A less expensive concern is replacing the keyboard function row of the M1 MacBook Air. It costs the same amount, $39, to replace it as it does to replace the keys on the keyboard. As The Verge noted, in a move that feels painfully wasteful in more ways than one, Apple will be selling users seven sets of function row keys for that price.

At Apple’s whim

Because Apple is in charge of its self-maintenance efforts, there is concern that Apple’s retail store will eventually stop making parts available, limiting future self-repairs.

“They’ll probably phase out the availability of product parts before the hardware really comes along (our office is full of 2012 MacBook Pros, for example),” Chamberlain told Ars.

Legislation on the right to repair has seen a notable move in recent times, including the first bill for the right to repair for electronics passed in New York. iFixit argued that further legislation is still needed, despite Apple becoming more prone to self-repair. Because Apple just as easily decided to better accommodate self-repairs, it may change its mind.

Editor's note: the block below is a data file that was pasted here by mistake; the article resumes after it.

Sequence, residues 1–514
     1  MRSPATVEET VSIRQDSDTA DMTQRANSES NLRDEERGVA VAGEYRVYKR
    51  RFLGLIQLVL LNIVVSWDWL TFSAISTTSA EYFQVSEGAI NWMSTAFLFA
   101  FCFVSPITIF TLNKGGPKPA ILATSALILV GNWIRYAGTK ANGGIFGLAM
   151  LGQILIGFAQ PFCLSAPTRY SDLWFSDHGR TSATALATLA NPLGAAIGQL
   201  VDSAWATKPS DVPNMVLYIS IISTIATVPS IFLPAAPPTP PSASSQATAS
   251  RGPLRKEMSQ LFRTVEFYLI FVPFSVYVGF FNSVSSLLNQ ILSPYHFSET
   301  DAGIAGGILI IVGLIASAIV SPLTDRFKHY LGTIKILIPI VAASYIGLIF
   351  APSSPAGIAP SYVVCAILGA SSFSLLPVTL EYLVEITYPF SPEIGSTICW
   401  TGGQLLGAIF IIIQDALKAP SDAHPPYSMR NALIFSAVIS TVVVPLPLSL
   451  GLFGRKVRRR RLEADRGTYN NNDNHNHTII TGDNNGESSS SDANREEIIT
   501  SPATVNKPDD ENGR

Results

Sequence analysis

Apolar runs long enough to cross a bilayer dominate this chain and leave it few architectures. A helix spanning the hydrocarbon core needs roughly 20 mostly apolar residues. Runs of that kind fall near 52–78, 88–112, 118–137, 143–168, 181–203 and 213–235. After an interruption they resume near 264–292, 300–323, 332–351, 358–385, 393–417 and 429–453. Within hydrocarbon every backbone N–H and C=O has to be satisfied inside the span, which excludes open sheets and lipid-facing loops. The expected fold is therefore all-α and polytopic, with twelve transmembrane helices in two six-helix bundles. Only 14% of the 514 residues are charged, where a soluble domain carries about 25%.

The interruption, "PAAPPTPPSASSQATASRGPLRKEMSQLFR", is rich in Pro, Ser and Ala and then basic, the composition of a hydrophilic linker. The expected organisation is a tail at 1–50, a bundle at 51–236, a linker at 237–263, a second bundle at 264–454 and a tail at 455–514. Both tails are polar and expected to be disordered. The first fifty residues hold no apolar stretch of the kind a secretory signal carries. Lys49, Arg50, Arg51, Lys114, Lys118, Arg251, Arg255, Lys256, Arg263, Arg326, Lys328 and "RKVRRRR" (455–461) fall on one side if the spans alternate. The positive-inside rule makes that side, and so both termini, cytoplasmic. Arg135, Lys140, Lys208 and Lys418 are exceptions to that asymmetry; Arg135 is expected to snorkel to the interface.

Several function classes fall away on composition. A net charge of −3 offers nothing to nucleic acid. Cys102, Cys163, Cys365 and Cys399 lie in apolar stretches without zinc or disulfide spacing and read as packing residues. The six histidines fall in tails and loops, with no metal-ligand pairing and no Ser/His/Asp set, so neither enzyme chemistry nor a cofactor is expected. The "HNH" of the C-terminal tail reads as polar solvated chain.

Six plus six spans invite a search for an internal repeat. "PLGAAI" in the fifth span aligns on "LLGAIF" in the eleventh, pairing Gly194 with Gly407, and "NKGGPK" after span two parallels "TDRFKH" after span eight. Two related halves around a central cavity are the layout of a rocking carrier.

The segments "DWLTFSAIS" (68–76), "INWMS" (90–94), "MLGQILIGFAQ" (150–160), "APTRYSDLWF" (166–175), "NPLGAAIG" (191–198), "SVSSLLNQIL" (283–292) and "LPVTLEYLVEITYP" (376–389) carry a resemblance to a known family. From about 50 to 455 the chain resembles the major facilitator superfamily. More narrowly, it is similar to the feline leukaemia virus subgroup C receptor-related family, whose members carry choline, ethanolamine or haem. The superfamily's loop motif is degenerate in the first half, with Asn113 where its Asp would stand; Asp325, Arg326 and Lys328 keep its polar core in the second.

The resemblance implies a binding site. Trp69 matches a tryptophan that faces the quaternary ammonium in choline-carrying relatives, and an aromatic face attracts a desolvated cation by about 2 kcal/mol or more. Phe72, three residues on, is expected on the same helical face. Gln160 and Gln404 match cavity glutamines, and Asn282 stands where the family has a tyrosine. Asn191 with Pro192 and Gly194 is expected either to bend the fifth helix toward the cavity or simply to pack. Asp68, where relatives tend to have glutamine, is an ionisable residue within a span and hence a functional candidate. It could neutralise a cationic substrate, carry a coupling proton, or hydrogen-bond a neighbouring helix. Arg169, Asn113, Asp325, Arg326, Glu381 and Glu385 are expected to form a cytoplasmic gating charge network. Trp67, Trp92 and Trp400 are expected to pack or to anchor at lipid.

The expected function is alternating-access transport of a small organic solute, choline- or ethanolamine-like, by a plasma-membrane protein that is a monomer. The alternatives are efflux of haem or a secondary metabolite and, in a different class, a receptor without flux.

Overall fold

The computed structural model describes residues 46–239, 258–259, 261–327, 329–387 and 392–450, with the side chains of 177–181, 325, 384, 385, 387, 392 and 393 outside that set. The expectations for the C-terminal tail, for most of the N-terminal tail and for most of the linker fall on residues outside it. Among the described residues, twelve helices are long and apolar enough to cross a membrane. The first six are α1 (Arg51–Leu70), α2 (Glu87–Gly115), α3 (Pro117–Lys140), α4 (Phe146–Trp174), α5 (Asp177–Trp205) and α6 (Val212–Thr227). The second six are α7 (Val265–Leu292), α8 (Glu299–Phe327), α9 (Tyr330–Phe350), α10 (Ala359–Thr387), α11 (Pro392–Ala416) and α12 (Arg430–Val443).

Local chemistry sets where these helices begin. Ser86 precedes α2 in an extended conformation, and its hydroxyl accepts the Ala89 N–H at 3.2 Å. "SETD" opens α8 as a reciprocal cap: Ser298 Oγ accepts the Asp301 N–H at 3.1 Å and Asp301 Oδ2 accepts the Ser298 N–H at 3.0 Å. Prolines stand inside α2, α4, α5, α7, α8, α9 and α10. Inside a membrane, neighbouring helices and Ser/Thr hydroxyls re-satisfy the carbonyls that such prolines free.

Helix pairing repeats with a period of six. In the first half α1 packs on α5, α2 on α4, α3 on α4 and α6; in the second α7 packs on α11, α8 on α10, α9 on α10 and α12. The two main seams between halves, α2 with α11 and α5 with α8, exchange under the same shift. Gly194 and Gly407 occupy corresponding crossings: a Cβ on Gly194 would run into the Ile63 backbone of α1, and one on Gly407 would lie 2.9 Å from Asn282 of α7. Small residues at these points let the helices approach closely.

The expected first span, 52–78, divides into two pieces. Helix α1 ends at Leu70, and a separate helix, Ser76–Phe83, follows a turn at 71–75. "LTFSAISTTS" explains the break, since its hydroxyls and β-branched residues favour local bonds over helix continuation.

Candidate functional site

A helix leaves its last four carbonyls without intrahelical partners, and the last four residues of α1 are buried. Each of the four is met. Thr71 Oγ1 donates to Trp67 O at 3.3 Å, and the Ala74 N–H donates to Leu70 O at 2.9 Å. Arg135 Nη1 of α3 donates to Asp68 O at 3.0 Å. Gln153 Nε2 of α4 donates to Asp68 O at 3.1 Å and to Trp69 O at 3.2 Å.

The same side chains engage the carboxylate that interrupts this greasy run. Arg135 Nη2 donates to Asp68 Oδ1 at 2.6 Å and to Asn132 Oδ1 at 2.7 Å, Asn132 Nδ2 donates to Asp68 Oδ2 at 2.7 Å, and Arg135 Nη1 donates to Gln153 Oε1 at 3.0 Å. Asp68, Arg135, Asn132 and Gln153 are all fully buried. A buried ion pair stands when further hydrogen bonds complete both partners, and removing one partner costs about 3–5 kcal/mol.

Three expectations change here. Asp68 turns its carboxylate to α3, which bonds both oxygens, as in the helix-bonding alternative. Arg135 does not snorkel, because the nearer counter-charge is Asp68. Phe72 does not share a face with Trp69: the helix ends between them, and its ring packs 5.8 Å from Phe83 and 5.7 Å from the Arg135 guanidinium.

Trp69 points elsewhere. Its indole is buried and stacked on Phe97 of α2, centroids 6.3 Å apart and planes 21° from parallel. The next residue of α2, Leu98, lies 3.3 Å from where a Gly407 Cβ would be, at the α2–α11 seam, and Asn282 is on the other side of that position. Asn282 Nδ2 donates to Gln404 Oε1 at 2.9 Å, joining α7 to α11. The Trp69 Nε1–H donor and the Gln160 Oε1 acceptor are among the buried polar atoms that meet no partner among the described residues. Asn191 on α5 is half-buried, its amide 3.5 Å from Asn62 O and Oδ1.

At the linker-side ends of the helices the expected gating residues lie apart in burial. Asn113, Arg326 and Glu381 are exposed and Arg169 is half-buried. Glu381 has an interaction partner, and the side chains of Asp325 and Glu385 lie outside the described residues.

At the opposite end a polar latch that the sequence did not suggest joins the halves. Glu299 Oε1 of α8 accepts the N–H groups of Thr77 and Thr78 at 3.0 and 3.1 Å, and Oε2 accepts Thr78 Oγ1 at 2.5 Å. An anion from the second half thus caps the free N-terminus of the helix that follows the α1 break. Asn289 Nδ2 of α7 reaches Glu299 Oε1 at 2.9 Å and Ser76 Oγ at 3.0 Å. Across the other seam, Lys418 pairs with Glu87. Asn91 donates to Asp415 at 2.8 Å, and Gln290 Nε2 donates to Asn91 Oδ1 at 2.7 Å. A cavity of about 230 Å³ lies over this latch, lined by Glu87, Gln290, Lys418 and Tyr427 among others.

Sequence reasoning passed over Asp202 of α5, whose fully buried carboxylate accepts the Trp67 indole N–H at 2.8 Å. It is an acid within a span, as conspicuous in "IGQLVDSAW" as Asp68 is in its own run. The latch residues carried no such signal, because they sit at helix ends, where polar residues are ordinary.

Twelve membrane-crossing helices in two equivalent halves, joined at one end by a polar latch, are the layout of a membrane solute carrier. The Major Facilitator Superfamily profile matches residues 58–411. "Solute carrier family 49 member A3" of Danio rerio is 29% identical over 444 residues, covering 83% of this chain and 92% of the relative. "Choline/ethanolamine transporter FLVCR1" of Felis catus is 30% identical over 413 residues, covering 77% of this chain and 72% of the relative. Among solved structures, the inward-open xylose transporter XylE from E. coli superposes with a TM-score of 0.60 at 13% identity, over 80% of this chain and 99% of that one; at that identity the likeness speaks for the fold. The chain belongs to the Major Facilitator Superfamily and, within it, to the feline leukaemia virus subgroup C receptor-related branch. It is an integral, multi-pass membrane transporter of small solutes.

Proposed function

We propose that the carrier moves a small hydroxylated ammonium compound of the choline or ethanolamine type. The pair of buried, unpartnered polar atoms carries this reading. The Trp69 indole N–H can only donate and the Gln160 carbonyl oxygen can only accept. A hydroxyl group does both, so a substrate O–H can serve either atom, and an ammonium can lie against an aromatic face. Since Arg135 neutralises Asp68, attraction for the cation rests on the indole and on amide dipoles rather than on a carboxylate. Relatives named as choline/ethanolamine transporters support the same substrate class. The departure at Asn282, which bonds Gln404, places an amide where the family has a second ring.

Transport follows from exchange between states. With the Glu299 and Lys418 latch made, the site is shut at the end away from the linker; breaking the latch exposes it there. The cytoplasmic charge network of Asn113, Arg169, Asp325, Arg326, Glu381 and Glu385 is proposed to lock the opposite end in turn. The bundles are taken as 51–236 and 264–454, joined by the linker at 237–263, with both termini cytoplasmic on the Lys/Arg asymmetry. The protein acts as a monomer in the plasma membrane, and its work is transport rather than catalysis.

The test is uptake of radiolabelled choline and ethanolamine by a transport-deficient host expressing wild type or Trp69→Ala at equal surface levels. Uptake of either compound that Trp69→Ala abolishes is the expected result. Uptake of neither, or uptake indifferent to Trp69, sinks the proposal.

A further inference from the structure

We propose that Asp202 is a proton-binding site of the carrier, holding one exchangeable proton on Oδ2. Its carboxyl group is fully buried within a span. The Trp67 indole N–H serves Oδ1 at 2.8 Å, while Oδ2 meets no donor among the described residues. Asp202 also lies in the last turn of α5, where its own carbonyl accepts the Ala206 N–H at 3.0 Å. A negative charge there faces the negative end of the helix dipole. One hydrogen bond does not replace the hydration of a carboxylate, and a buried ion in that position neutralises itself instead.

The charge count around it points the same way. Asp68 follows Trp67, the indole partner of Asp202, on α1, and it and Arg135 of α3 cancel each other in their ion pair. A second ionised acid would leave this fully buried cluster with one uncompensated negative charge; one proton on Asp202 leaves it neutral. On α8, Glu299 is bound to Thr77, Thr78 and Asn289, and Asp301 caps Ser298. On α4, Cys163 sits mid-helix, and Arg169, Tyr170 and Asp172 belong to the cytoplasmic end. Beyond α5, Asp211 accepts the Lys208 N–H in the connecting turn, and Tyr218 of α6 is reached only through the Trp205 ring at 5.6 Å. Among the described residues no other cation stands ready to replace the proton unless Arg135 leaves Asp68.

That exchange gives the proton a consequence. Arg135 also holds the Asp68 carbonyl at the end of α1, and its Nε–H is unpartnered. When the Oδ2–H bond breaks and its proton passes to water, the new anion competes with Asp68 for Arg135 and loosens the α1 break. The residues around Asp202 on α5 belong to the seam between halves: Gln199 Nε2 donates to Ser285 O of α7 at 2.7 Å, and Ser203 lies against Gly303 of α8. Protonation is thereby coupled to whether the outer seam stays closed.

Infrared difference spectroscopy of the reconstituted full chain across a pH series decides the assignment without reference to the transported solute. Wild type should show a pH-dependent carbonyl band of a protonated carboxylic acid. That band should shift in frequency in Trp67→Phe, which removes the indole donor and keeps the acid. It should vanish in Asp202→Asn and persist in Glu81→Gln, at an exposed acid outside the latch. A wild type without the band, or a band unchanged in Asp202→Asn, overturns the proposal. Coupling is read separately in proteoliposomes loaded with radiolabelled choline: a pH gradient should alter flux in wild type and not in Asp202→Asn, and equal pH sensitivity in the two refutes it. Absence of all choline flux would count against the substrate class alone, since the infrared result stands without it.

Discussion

How to repair an M1 MacBook.

How to repair an M1 MacBook.

“If we have the whims of manufacturers, we get repair on their terms,” ​​Chamberlain said. “Apple may remove support for product parts and repair manuals at any time, as evidenced by the fact that they have removed the 2019 iMac manuals.”

The Valley Voice
The Valley Voice
Christopher Brito is a social media producer and trending writer for The Valley Voice, with a focus on sports and stories related to race and culture.